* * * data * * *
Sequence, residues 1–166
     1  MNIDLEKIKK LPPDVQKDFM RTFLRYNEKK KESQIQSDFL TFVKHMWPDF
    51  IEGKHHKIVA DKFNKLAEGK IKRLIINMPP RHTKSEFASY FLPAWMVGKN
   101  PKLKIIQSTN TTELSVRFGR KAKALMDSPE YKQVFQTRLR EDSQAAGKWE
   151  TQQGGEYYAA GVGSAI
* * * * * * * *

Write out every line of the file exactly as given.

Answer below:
Sequence, residues 1–166
     1  MNIDLEKIKK LPPDVQKDFM RTFLRYNEKK KESQIQSDFL TFVKHMWPDF
    51  IEGKHHKIVA DKFNKLAEGK IKRLIINMPP RHTKSEFASY FLPAWMVGKN
   101  PKLKIIQSTN TTELSVRFGR KAKALMDSPE YKQVFQTRLR EDSQAAGKWE
   151  TQQGGEYYAA GVGSAI